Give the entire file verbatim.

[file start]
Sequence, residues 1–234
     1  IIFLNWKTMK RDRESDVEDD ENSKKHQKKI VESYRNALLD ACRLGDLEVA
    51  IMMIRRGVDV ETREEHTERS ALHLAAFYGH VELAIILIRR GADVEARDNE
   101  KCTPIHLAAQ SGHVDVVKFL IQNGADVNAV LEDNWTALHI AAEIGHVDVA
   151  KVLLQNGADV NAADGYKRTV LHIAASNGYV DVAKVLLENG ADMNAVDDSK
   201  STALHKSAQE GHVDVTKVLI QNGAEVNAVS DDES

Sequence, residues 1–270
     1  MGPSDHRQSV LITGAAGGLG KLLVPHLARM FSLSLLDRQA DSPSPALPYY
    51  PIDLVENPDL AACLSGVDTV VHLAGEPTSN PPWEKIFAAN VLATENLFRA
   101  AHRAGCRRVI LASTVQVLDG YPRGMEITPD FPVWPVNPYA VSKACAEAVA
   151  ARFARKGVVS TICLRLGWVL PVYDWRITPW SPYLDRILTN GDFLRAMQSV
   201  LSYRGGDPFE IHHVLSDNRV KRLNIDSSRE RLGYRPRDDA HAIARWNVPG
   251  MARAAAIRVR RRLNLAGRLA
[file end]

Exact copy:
Sequence, residues 1–234
     1  IIFLNWKTMK RDRESDVEDD ENSKKHQKKI VESYRNALLD ACRLGDLEVA
    51  IMMIRRGVDV ETREEHTERS ALHLAAFYGH VELAIILIRR GADVEARDNE
   101  KCTPIHLAAQ SGHVDVVKFL IQNGADVNAV LEDNWTALHI AAEIGHVDVA
   151  KVLLQNGADV NAADGYKRTV LHIAASNGYV DVAKVLLENG ADMNAVDDSK
   201  STALHKSAQE GHVDVTKVLI QNGAEVNAVS DDES

Sequence, residues 1–270
     1  MGPSDHRQSV LITGAAGGLG KLLVPHLARM FSLSLLDRQA DSPSPALPYY
    51  PIDLVENPDL AACLSGVDTV VHLAGEPTSN PPWEKIFAAN VLATENLFRA
   101  AHRAGCRRVI LASTVQVLDG YPRGMEITPD FPVWPVNPYA VSKACAEAVA
   151  ARFARKGVVS TICLRLGWVL PVYDWRITPW SPYLDRILTN GDFLRAMQSV
   201  LSYRGGDPFE IHHVLSDNRV KRLNIDSSRE RLGYRPRDDA HAIARWNVPG
   251  MARAAAIRVR RRLNLAGRLA